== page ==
2. jsc173

    The “business model” for the CFPB is that of your typical district attorney.

    In today’s legal world, actual prosecutions are rare and trials are even rarer.

    It’s all about the Benjamins. As soon as a prosecutor has some evidence — maybe not enough to convict but enough to make palms sweaty — they drag the person of interest in their office, apply foot-to-neck and offer a free walk for some admissions, fines and restitutions.

    Headlines. Reputations wrecked. Notch on the belt of the DA. Rinse. Repeat a few times. Run for higher office.

    As Cordray was Ohio’s AG, you think he knows how to do this??

  3. Anonymous

    This is a disgusting example of how government should not work. This brutal approach does not help consumers and in the long term makes them lose faith that the system is fair. This situation demands a serious bureaucracy overhaul and more individual accountability. This is horrible!!! R3

  4. Lenny the Lumberjack

    Read Saul Alinsky’s 1971 book, Rules for Radicals, and you will get a very clear picture of how the CFPB operates. Alinsky points out that Machiavelli’s, The Prince, was a textbook/primer for how the HAVES hang on to power, and then explains that his (Alinsky’s) writings are all about how to help the poor take that power for themselves. Evidently this administration thinks that they are championing the poor at the expense of “Big Business”, but really, like the Ally exec’s claim… it’s just a big shakedown of the banks. Couch it in racial overtones with a suggestion of screwing over the poor and disenfranchised and it justifies totalitarian tactics. This is just more of the same that we’ve experienced for the past seven years. Elizabeth Warren and her ilk must be ecstatic about how much chaos they have created for small town bankers (my family) but with no real idea of the consequences for the small town people (less credit opportunity, less local support for community events, etc…). A completely predictable outcome, but one that the “omniscient ones” in D.C. failed to predict. And they wonder why the current economic recovery is sub-par.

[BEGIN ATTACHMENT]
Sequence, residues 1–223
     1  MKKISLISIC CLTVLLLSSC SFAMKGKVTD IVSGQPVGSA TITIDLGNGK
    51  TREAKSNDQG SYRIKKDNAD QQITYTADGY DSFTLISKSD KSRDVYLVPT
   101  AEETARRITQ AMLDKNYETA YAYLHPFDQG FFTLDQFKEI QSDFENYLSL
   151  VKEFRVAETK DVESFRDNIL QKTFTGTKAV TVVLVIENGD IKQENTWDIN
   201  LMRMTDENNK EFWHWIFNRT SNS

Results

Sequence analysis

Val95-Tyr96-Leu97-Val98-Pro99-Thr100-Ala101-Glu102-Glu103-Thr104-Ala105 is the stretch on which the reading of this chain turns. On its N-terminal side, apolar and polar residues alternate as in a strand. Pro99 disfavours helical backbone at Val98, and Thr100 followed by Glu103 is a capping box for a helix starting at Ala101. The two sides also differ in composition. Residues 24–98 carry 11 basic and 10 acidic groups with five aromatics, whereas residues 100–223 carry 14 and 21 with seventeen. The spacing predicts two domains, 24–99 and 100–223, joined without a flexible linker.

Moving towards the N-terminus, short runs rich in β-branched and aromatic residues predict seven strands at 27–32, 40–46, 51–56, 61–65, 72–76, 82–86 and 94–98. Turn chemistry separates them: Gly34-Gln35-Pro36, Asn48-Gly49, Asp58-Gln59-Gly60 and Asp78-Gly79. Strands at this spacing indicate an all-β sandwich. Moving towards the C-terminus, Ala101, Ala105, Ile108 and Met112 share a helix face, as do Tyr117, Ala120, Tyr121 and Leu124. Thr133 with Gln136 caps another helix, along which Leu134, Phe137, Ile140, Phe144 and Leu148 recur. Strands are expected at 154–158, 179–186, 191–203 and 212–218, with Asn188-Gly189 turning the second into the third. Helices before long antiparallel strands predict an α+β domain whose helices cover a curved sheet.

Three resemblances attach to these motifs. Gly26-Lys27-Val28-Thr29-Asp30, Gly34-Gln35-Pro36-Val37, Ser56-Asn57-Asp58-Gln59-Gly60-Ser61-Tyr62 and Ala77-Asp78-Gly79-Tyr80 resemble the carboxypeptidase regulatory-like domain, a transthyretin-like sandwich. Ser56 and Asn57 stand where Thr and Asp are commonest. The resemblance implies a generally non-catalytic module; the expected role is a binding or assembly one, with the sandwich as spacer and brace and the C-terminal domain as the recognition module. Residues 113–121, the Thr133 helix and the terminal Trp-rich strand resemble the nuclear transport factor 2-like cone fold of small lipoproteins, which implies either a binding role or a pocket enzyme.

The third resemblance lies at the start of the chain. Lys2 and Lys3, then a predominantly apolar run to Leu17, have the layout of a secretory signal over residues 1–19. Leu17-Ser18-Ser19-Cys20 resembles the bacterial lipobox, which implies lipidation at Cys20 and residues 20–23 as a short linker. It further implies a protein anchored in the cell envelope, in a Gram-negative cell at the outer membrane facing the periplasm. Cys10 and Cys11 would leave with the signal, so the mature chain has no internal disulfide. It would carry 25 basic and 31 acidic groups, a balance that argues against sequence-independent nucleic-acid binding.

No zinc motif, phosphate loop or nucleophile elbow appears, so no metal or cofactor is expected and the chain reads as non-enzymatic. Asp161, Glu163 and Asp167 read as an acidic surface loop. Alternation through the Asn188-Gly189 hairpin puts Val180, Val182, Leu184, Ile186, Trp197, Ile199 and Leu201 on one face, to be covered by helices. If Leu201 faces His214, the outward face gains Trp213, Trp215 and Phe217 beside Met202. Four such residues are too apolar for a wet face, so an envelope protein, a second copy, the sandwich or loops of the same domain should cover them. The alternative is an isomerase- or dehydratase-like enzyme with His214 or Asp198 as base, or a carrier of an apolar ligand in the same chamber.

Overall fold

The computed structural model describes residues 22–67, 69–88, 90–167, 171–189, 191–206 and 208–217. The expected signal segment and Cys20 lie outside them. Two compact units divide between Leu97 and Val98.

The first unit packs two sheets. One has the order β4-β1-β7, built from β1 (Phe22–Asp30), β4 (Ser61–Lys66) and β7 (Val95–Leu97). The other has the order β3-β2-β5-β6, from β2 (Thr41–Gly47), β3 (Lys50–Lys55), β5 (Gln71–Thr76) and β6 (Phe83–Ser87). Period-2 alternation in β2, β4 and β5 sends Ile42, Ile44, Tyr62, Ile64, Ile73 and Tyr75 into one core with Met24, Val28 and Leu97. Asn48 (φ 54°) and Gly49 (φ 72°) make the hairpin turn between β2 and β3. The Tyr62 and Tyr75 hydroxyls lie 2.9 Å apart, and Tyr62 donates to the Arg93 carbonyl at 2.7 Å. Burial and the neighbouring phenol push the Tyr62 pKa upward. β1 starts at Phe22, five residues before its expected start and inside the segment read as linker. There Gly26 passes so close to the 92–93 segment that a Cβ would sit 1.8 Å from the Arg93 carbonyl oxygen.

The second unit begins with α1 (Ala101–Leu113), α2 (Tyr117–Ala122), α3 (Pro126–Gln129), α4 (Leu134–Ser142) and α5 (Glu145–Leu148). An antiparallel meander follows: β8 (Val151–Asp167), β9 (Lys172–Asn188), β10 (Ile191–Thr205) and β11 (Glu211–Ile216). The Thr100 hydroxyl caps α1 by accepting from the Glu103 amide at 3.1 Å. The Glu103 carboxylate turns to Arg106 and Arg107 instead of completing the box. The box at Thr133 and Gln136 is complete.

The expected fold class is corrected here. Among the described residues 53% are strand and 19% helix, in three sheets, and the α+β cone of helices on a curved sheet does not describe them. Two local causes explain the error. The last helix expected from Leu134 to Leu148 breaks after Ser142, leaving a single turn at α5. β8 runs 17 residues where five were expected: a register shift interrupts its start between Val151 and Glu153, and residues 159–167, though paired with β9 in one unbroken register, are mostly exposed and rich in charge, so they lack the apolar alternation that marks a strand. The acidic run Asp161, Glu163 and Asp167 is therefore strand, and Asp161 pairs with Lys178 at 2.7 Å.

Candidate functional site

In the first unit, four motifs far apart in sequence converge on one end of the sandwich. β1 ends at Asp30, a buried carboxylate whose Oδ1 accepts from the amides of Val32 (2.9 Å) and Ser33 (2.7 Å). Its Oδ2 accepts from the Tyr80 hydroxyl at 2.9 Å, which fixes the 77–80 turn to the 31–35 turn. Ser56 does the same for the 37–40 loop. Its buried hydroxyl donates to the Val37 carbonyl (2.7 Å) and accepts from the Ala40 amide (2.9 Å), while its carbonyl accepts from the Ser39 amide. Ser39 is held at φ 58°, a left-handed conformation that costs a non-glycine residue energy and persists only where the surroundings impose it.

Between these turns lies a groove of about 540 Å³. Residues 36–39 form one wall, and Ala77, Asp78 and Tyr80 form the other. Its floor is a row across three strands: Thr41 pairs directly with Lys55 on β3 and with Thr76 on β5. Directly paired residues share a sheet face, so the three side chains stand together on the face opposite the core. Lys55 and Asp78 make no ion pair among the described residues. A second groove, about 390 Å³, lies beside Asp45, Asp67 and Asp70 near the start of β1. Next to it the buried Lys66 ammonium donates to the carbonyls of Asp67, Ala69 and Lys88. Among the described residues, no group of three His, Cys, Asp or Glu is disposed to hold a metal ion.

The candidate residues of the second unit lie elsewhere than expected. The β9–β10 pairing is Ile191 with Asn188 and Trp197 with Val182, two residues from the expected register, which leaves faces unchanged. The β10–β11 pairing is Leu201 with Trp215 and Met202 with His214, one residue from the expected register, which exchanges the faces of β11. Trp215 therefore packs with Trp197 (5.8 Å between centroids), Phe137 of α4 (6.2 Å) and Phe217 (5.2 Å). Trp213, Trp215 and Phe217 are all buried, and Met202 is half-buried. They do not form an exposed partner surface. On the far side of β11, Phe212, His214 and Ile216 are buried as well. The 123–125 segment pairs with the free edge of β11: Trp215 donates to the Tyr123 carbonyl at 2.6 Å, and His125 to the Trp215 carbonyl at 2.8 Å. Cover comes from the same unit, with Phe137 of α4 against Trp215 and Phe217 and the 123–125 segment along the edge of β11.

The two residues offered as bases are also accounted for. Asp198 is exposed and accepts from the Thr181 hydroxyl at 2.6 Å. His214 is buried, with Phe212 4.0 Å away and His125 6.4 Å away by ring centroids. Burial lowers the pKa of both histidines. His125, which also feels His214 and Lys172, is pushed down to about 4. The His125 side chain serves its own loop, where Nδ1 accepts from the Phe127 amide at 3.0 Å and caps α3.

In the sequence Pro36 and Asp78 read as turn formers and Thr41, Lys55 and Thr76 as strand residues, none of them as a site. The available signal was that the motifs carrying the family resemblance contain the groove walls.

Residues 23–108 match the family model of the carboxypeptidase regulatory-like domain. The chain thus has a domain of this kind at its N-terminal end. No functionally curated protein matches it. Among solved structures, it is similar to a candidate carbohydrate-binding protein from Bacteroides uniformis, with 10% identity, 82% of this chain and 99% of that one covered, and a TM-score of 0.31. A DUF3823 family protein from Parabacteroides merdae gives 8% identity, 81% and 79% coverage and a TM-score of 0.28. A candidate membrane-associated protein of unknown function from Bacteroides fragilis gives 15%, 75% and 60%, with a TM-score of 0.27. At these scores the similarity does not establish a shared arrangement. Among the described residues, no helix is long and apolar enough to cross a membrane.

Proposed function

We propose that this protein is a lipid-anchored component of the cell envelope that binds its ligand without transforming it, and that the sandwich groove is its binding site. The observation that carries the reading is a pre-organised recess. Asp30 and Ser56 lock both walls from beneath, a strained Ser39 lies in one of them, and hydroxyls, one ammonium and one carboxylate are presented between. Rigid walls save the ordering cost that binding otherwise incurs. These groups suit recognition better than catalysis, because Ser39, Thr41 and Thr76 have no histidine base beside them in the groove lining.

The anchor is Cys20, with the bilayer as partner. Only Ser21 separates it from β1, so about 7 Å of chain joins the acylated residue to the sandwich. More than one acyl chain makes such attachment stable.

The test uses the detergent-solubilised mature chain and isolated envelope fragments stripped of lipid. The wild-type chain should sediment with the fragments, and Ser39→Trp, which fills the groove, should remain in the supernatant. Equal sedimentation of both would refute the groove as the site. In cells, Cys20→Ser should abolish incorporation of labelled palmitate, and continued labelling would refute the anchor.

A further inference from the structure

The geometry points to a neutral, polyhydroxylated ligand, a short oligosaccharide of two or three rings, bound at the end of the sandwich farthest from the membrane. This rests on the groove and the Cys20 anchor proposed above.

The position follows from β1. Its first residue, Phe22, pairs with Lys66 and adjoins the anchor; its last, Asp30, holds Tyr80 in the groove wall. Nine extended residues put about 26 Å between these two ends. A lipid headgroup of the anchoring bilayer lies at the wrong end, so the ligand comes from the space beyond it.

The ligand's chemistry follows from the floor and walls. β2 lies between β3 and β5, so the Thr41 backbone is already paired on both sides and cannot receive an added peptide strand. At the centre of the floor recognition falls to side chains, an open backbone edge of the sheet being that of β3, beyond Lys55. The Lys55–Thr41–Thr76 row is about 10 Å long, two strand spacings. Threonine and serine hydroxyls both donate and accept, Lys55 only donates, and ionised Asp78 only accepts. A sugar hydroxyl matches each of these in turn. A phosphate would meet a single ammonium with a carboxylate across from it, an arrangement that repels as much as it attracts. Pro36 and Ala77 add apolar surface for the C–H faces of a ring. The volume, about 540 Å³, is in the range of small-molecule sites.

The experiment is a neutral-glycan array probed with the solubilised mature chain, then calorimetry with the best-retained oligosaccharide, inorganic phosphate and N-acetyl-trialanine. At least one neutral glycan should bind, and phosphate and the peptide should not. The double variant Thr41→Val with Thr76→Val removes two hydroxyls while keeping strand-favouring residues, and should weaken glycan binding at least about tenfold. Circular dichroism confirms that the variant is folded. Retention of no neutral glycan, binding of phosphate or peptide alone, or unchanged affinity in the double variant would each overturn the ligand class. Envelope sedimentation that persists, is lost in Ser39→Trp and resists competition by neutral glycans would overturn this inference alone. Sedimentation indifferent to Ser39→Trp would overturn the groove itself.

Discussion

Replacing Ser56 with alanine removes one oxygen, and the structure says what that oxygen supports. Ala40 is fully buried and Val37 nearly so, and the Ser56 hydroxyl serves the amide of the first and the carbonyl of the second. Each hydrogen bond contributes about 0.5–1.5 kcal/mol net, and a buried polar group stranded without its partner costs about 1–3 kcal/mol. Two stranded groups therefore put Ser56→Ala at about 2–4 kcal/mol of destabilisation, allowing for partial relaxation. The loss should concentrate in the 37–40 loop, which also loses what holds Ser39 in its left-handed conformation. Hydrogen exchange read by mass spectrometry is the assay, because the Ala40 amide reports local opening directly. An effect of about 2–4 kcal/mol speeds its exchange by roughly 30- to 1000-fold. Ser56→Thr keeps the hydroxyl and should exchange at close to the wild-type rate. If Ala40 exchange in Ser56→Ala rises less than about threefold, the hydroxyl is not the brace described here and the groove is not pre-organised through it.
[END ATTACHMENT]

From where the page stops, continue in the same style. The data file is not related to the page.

5. Mike in GA

    Tom, just another example of the extortion this government has committed against businesses and shareholders! Where are the legal challenges to this activity from the US Chamber of Commerce and others who purport to be the voice of business?

  6. etoleary

    My experience suggests that there are opportunities for abuse in indirect auto lending but to then try to make the case that it exists by the application of Fair Lending criteria and dependent on spurious methodology is an abuse in its own right.

    One way to understand the current situation is to recognized that the banks, generally the giants, behaved in very “high handed ways” that have infuriated the American public. The industry has largely painted itself into this corner. The enormous fines and penalties are a reflection of how pervasive the problems were.

  7. Stays72

    Tom left out this inconvenient fact of the case: Ally Financial allowed auto dealers, who meet face to face with the customer, to increase the interest rate charged to the customer, and then were allowed to keep a share of the markup. African Americans, Latinos and Asians were charged a higher interest rate at a much greater frequency than other (white) customers. Ally Financial didn’t have to know the ethnicity of the customer — they relied on the auto dealers to do that, and Ally gained financially from that arrangement.
    Funny how Tom leaves out the key points that don’t support his premise. Funny, but not surprising, since this is a consistent pattern for him.

  8. Tom brown

    Stays72. Do you believe in any personal responisibility for consumers who borrow money?